When the successful cloning of a Scottish sheep a few months ago raised the specter that human beings might soon be making genetic copies of themselves, a Senate subcommittee on public health and safety convened to consider the matter. “Humans are not God,” Senator Christopher Bond of Missouri declared as the hearings began, “and we should therefore not try to play God.” Banal as it may have been, the Senator’s remark registered a moment of cordiality between religious conservatives and secular liberals, who ordinarily do not agree on much. Both sides seemed to think (and a commission headed by the president of Princeton University has since concurred) that there are some things people ought not to do, perhaps even things we ought not to know how to do.1

In taking seriously this idea, Roger Shattuck is broaching a perilous theme, and he knows it. The author of several honored works, notably an exuberant book about the bohemian artists of fin-de-siècle Paris, The Banquet Years (1958), he has done as much as any other living critic to tell the story of how the French avant-garde broke down longstanding barriers of subject matter and expression. This is a critic with great reserves of sympathy for the irreverent and the new. But now, forty years later, he is concerned that the loss of any meaningful concept of limits or taboo has left us dangerously exposed to our own worst impulses.

“Today,” Shattuck writes, “the principle of open knowledge and the free circulation of all goods and ideas have established themselves so firmly in the West that any reservations on that score are usually seen as politically and intellectually reactionary.” It is the achievement of Forbidden Knowledge, a book of complementary essays on culture and science, that it gives dignity to these reservations. This is no small achievement, since such scruples usually belong not to the merely ignorant, but to people proud of their ignorance—as in the case of the Victorian matron who greeted the theory of evolution with a shriek and a prayer: “Descended from the apes! My dear, let us hope that it is not true, but that if it is, let us pray that it will not become generally known.”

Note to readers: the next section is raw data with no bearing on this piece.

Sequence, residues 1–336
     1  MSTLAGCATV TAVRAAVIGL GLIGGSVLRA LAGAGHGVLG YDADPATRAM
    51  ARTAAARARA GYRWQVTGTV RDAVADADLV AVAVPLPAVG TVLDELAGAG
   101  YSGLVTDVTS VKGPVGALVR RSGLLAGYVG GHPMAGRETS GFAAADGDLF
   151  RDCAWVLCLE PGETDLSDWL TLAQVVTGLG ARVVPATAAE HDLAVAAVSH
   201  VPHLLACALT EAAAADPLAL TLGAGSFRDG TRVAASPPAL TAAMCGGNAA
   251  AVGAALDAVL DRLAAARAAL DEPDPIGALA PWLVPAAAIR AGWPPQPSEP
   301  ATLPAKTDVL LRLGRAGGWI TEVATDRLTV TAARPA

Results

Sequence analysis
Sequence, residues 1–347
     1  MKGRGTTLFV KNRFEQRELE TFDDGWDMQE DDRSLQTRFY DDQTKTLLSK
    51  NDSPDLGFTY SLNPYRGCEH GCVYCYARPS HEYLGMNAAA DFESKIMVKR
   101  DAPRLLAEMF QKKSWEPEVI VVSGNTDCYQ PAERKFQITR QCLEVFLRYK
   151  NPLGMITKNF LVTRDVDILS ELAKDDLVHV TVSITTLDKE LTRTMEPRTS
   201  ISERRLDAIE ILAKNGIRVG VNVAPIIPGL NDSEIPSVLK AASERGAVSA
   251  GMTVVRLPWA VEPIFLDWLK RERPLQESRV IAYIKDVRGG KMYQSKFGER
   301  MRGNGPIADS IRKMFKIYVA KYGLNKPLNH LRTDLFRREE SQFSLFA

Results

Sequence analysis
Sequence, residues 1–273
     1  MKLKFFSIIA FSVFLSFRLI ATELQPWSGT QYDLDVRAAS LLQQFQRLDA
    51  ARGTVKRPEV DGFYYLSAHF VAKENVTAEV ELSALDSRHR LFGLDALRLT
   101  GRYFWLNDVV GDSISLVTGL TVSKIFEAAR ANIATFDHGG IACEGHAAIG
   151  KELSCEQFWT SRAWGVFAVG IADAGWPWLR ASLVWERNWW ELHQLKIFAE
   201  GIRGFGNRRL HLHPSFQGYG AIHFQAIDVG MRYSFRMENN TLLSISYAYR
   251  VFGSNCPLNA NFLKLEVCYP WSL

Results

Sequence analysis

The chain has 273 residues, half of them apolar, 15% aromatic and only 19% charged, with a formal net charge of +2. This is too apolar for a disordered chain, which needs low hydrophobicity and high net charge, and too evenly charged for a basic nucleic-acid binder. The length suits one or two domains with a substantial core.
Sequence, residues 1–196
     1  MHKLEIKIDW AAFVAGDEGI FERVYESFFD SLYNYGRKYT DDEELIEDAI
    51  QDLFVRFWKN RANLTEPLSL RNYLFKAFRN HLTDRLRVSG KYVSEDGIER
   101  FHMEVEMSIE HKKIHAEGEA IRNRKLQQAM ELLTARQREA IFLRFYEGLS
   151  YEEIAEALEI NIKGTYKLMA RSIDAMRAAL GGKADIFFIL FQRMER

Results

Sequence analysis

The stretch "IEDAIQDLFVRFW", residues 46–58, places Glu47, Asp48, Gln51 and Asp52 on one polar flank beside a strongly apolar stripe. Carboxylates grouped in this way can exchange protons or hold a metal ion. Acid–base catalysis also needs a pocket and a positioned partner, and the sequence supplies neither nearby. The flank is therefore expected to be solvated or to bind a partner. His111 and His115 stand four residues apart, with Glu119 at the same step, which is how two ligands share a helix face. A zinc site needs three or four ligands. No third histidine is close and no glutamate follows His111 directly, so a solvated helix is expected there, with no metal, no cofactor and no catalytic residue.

I doubt that this lady would approve of Shattuck’s book. Written in an interrogative mood, it is open, exploratory, built on a series of genuinely difficult questions: “Can we decide if there are any forms of knowledge, true or untrue, that for some reason we should not know?… Must I cease and desist from the very inquiry that beckons me most?… Is there any existing or hypothetical knowledge whose mere possession must be considered evil in and of itself?”

These questions have been on Shattuck’s mind since he served in World War II as a combat pilot. Soon after the incineration of Hiroshima, he flew a B-25 up the Inland Sea of Japan to have an aerial look at the ruined city. The sight still haunts him. And while he does not dwell for more than a few sentences on his subsequent thoughts and feelings, they have evidently accompanied him on a lifetime’s meditation on the meaning of what he had seen. The bomb probably saved his life. Or so, “at least,” he writes, “…I long believed.” Preparing to invade mainland Japan, he and his comrades had been told to expect that at least half of them would be killed or wounded in the assault. But the relief he felt at news of the Japanese surrender was mixed with revulsion at what had saved him. Fifty years later, he has turned this mixed emotion into an inquiry into the question of whether the human “pursuit of curiosity” is exceeding “our lagging capacity to deal with the results.”

Science raises the question, but it is to books that Shattuck turns (after “cohabiting for many years with the corpus of Western literature”) in search of an answer. He is drawn to the classical and Christian theme of libido sciendi, which he traces from Greek myth and Genesis to Melville, Camus, and beyond—the idea that the quest for learning and understanding is, in Thomas Hobbes’s phrase, “a lust of the mind, that by a perseverance of delight in the continual and indefatigable generation of knowledge, exceedeth the short vehemence of carnal pleasure.” On this view, the accretive thrusts of the mind against ignorance make the sexual spasms of the body seem a fleeting and trivial expression of human desire. But the analogy also has the effect of refusing to absolve curiosity of its complicity with lust.

Echoing Augustine, for whom, as Peter Brown has put it, “physical greed [was] the most sinister inversion of all of Adam’s primal hunger for the Wisdom of God,” Shattuck calls this theme “concupiscence of the mind.” It enters the Western tradition through such stories as those of Prometheus and Pandora, but chiefly through the biblical story of the Fall as elaborated by many theologians and poets, culminating, among English writers, in Milton’s Paradise Lost (1667). Here the archangel Raphael counsels Adam to curb his lust to know too much:


…Heaven is for thee too high
To know what passes there; be lowly wise:
Think only what concerns thee and thy being;
Dream not of other worlds, what creatures there
Live, in what state, condition, or degree,
Contented that thus far hath been revealed
Not of Earth only but of highest Heaven.

What are we to make of this injunction? Does the poet stand with, or against, or somewhere to the side of his admonishing angel? Could Milton, who had written a passionate defense (Areopagitica, 1644) of what we now call the free market of ideas as the best means for discovering truth, really believe that there are things “too high” or dangerous for men to dare to seek them?